Tom took this shot of the assembled mob of Santas at the 2nd annual “Santa Claus for the Cause” event last Thursday (Dec 17) in Bay City. They raised over $15,000 for a bunch of worthy charities in Bay City with sales of Santa suits. More about the event from mLive – I’ll try and give you an early heads up for this next year too!
The Steam Railroading Institute in Owosso is home station for the Pere Marquette 1225 locomotive aka the Polar Express:
Retired from service in 1951, 1225 was sent to scrap, in New Buffalo, Michigan. In 1955, Michigan State University Trustee, Forest Akers was asked by C&O Chairman Cyrus Eaton if the University would be interested in having a steam locomotive (Eaton did not want to scrap the engines but was having a hard time finding places that would accept them) so that engineering students would have a piece of real equipment to study. Forest Akers thought it a good idea and proposed the idea to University President John Hannah. John Hannah accepted the gift of the locomotive. When he told the Dean of the College of Engineering about the gift, the Dean said that Engineering was not interested in an obsolete locomotive. John Hannah then called up Dr. Rollin Baker, director of the MSU Museum and told him that he was getting a locomotive. The C&O then instructed the yardmaster at New Buffalo to send an engine to the Wyoming Shops for a cosmetic restoration and repainting with the name Chesapeake and Ohio on the side. The 1225 was the last engine in the line, i.e. easiest to get out. It had nothing to do with the number representing Christmas Day.
Baker received the gift of the locomotive in 1957 when it was brought to campus. The locomotive remained on static display near Spartan Stadium on the Michigan State campus in East Lansing, Michigan for a decade. While on display, a child by the name of Chris Van Allsburg used to stop by the locomotive on football weekends, on his way to the game with his father. He later stated that the engine was the inspiration for the story, Polar Express.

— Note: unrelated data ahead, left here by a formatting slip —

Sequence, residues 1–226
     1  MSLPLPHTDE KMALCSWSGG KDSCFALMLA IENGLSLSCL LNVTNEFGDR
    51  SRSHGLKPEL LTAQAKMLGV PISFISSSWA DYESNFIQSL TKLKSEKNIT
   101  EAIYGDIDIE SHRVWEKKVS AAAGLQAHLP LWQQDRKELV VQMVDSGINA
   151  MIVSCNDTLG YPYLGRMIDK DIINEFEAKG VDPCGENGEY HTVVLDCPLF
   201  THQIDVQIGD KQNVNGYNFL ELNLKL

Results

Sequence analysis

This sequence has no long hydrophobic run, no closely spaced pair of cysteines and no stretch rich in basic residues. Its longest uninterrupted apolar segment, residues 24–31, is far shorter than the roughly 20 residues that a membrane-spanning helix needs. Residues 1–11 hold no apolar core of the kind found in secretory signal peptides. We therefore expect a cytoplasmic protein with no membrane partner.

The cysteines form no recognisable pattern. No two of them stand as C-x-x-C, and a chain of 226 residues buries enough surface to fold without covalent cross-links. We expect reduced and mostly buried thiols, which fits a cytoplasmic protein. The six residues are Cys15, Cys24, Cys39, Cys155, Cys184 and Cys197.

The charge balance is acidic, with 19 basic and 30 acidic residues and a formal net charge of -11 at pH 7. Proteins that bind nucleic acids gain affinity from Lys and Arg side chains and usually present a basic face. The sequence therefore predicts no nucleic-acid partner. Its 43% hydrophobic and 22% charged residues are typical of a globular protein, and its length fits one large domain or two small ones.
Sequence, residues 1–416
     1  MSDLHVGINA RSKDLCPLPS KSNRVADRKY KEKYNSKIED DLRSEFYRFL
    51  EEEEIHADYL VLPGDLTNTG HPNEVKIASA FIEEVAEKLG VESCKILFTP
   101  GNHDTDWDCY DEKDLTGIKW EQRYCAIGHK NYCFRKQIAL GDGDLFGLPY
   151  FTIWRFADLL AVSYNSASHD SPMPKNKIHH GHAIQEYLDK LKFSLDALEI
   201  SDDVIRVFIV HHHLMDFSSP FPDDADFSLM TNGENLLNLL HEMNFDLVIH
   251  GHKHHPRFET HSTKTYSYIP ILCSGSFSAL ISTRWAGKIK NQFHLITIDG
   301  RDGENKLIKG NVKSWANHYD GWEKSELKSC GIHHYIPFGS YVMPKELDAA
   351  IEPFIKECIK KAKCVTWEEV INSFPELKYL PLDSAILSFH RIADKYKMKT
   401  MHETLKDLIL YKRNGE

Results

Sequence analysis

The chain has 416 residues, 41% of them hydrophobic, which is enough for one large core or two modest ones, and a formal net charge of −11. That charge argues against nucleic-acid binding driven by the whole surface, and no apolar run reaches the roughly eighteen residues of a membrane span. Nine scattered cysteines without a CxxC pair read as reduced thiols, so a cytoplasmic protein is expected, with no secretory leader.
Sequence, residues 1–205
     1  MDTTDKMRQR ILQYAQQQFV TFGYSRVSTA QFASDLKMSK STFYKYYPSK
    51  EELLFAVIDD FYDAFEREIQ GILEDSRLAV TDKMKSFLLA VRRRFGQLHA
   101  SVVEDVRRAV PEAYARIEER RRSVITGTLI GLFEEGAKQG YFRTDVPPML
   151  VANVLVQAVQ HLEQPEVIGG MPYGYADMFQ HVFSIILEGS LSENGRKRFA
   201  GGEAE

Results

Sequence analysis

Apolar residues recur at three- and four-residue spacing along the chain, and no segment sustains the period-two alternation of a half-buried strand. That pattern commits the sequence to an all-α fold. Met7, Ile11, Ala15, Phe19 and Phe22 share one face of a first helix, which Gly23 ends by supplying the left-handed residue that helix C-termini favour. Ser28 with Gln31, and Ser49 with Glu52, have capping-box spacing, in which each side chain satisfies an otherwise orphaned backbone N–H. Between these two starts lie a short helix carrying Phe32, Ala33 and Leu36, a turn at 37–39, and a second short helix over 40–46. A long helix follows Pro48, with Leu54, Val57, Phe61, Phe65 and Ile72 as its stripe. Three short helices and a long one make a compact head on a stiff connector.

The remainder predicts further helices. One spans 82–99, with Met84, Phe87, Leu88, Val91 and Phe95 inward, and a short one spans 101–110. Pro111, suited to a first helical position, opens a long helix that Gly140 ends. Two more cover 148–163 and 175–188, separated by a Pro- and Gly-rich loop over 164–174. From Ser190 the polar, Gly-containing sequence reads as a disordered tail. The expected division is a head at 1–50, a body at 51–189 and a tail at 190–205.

Lots more about the Michigan’s largest operating steam locomotive at Wikipedia and information about riding the train and the rest of their collection at the Steam Railroading Institute.
How like the holly in deep winter time
How like the star in the dark night shine
How like a path on the snow driven plain
How like the candle — how like the flame
How like the winter that promises spring
How like the carol we sing.
~Joel Mabus (How Like the Holly)
Michigan Holly is a medium sized shrub not normally growing taller than 12 feet and usually about 6 to 8 feet tall and 3 to 5 feet wide. It has densely branched stems that grow into a round crown and flower in May and June with small yellow-white flowers. The fruits are highly distinguishable and grows in bright red clusters of small berries, forming in September and October and persisting into mid-winter. Michigan Holly (also known as Winterberry) is dioecious, so both male and female plants are needed for fruit production and only females bear fruits.
Michigan Holly is found throughout Eastern and Central North America, but does not grow well in the West, Southwest, or Lower Midwest because of dry winds and heat. It is found naturally in wetlands and will tolerate standing water or swamps, however, it prefers to grow in well-drained, acidic, damp, loamy or sandy soils and full or partial sun.
Click through for photos and a little more information.